She became co-chair of the NIHR Multiple Long-Term Conditions Collaboration Development Advisory Group in 2021 and is now co-chair of the first Cross-NIHR Collaboration (CNC) awarded £1.95M by the Department of Health and Social Care over 5 years from December 2022 as part of the NIHR Strategic Framework for Multiple Long-Term Conditions (Multimorbidity) Research.


Ageing, sarcopenia and multiple long-term conditions (multimorbidity)

The age-related loss of skeletal muscle strength and mass is known as sarcopenia and is associated with profound adverse consequences for health including multimorbidity (two or more long-term conditions), frailty and mortality. My research focuses on the life course causes, consequences and treatment of this loss of skeletal muscle. It exploits the wealth of unique data available in UK ageing and birth cohorts and includes first in world muscle biopsy studies within this context allowing investigation of cellular and molecular mechanisms in skeletal muscle in relation to detailed phenotypic characterisation of participants.

A novel discovery was the association between low birth weight and sarcopenia, suggesting that early influences were having lifelong effects on skeletal muscle. This has led to progress in several areas of experimental ageing medicine including aetiology in terms of understanding mechanisms across the life course; prediction leading to consideration of earlier identification of individuals at risk; prevention with investigation of the role of implementing strategies earlier in life; and intervention in terms of developing novel agents.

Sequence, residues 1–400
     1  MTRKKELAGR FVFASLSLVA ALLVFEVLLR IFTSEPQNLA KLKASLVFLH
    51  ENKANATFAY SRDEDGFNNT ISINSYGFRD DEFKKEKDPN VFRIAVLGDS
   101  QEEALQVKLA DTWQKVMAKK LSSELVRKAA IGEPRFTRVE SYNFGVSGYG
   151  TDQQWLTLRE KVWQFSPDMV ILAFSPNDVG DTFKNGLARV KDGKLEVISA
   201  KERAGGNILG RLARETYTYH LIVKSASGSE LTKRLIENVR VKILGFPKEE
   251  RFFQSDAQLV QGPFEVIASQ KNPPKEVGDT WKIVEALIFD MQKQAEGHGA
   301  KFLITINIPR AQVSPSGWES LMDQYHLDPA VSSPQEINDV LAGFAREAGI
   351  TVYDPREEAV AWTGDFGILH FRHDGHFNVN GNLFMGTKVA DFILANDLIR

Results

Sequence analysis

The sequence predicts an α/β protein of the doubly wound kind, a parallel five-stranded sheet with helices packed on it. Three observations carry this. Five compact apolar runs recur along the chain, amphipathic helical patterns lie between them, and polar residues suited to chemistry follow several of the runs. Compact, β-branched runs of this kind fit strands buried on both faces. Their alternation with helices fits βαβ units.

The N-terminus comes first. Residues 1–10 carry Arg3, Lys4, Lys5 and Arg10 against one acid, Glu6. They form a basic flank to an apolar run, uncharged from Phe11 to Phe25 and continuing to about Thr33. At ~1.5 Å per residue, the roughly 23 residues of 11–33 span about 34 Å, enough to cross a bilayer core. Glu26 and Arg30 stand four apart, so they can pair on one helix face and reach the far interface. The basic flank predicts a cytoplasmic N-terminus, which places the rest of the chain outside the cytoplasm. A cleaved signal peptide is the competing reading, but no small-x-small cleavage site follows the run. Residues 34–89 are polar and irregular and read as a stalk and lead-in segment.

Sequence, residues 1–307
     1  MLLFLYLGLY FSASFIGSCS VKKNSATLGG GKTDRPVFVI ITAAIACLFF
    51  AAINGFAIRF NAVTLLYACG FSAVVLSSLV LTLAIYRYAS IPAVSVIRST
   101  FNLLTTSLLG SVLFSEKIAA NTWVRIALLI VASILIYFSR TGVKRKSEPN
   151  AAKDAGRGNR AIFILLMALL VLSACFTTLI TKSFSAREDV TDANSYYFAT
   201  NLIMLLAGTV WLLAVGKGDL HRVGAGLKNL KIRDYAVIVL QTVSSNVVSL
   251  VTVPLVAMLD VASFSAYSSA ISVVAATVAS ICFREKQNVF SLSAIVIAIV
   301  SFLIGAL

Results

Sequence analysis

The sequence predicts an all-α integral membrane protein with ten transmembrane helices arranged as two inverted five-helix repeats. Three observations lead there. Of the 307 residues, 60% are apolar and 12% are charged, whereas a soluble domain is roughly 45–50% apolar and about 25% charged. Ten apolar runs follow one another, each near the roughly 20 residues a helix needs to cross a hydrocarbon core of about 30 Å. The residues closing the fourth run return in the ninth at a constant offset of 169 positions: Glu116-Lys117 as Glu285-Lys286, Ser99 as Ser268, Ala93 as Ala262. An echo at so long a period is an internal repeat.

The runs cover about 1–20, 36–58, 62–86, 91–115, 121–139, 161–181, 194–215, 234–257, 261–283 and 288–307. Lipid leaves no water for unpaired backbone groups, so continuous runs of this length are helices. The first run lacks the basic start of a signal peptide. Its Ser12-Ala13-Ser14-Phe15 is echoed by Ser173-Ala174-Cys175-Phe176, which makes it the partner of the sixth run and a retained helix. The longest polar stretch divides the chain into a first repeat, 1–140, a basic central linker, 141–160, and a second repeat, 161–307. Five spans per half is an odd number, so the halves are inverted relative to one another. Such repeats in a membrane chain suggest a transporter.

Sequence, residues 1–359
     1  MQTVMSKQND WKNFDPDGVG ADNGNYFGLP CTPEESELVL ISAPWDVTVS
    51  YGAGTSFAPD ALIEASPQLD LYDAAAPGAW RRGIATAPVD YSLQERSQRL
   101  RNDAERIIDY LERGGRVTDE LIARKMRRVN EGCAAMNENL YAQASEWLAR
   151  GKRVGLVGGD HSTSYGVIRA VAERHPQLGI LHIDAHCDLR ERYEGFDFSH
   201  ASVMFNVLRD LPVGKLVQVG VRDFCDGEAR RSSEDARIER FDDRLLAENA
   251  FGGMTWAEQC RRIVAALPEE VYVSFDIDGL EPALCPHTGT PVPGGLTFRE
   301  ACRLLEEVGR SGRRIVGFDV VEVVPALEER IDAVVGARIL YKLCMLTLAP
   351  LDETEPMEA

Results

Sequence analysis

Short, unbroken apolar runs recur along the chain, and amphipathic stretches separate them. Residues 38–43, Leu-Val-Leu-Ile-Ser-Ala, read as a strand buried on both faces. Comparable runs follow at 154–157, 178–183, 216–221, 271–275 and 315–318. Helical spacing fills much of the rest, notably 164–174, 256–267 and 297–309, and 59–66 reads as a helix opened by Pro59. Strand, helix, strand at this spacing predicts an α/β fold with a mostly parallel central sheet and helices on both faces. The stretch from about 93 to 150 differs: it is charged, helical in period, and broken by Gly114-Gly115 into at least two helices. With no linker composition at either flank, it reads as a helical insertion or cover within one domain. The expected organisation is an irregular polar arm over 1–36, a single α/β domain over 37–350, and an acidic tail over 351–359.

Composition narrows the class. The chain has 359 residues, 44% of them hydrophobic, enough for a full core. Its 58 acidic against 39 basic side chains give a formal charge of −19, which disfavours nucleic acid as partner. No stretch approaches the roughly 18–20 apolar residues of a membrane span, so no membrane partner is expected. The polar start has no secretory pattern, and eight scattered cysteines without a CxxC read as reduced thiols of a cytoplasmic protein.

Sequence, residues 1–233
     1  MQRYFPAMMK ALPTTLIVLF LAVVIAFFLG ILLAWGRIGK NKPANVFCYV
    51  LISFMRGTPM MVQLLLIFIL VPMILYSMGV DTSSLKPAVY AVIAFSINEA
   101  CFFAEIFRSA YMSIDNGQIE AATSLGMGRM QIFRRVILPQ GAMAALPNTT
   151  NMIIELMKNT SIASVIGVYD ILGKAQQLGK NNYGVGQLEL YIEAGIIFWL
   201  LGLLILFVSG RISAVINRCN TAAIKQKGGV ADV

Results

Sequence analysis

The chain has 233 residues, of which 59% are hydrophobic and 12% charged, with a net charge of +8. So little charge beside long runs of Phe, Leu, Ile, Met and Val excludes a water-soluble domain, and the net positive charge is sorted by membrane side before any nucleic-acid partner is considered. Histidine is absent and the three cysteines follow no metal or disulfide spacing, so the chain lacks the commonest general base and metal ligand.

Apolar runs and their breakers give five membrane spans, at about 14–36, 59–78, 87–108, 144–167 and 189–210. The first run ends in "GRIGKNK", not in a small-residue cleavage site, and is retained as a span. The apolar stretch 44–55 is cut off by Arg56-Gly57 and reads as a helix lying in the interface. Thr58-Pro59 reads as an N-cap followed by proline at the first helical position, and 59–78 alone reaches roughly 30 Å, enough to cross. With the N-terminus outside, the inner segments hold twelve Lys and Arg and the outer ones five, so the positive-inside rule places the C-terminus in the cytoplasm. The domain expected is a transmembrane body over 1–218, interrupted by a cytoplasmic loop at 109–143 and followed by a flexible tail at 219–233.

Sarcopenia can also occur earlier in life particularly in the context of mid-life multimorbidity and the MRC/NIHR funded 4 year programme of research ADMISSION focuses on multiple long-term conditions in hospital: from burden and inequalities to care pathways and underlying mechanisms. This is a UK wide interdisciplinary collaborative involving 6 partners (Newcastle University, Newcastle Hospitals, University of Birmingham, Manchester Metropolitan University, UCL and the University of Dundee with a focus on taking data driven approaches harnessing routine health data.

This research is being taken forward by the interdisciplinary AGE Research Group which has strong links to the NIHR Newcastle Biomedical Research Centre Ageing Sarcopenia and Multimorbidity research theme. The researchers span a range of disciplines including academic geriatric medicine, epidemiology, trials, nutrition, exercise physiology, neurophysiology, computing science, imaging and biomedical research. The vision is improving lives through world-class research in ageing and multiple long-term conditions. The group takes a life course approach with translation of research findings into new approaches to diagnosis, treatment and prevention to address pressing patient need.


I lecture on the MBBS and Biomedical Sciences undergraduate degree courses as well as more widely and enjoy supervising undergraduate and postgraduate students in research projects and higher degrees.